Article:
Nintendo Switch controllers, namely the Joy-Cons and the Pro controller, will soon be supported by Google Chrome, showcasing Google’s future plans for gaming.
A new commit titled “Improve support for Nintendo Switch gamepads” was spotted in Chromium’s Gerrit source code management by 9to5Google. The Nintendo Switch Pro controller had early support on Linux, but the new code looks to expand compatibility by adding the Joy-Cons.
Instead of just improving support for the Nintendo Switch Pro controller, which may be connected through USB and Bluetooth, the commit also seeks to add Chrome support for Bluetooth connections with Joy-Cons, both as a pair and as separate devices, and even the Joy-Con Charging Grip through USB.
Chrome’s support is possible through the standard Gamepad API, which means that developers will be able to easily enable Nintendo Switch controllers in their games and apps. There is no definite timeline yet as to when the support for the Nintendo Switch Pro controllers and Joy-Cons will be added to Google Chrome.
The addition of support for the devices to Google Chrome is not really a groundbreaking move as of now, as there are a limited number of online games and apps that will offer an improved experience through Nintendo Switch controllers. The importance of the code lies in Google’s future plans in gaming.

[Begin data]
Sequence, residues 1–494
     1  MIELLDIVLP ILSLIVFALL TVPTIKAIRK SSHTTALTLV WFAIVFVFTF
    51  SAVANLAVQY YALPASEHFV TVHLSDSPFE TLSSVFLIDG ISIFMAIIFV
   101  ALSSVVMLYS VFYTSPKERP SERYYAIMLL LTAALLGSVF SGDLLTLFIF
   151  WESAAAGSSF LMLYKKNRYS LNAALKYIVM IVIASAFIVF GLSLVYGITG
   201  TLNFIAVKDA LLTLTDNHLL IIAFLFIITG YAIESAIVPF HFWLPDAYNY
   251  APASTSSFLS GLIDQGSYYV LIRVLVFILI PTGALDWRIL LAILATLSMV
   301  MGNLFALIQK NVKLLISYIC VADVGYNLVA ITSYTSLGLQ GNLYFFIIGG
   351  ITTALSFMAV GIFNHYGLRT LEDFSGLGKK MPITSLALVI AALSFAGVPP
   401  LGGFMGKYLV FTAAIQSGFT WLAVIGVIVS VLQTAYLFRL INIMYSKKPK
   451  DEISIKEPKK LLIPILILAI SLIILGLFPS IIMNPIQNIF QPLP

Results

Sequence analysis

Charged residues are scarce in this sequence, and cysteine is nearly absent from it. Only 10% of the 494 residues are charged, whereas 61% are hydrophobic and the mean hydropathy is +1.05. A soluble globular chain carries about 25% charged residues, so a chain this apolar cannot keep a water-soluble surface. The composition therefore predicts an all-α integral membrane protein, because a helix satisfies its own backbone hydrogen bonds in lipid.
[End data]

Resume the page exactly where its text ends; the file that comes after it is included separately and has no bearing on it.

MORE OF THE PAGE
Google is set to be part of the Game Developers Conference, where it will reportedly reveal its gaming hardware for Project Yeti, which includes the Project Stream game streaming service and a console that will utilize it.
Project Stream ended its three-month demo in January, in which gamers played Assassin’s Creed Odyssey on their Google Chrome browsers. The commit for Nintendo Switch controller support is likely tied to future iterations of Project Stream, to allow games to use the controllers on the game streaming service.
The code for Nintendo Switch controller support on Chrome comes after the discovery of patent for a controller that may come with the rumored Google gaming console. The document, filed with the United States Patent and Trademark Office, reveals a design that looks similar to the PlayStation 4 DualShock controller, with Yanko Design editor Sarang Sheth creating unofficial renders on what the Google gaming controller may look like.
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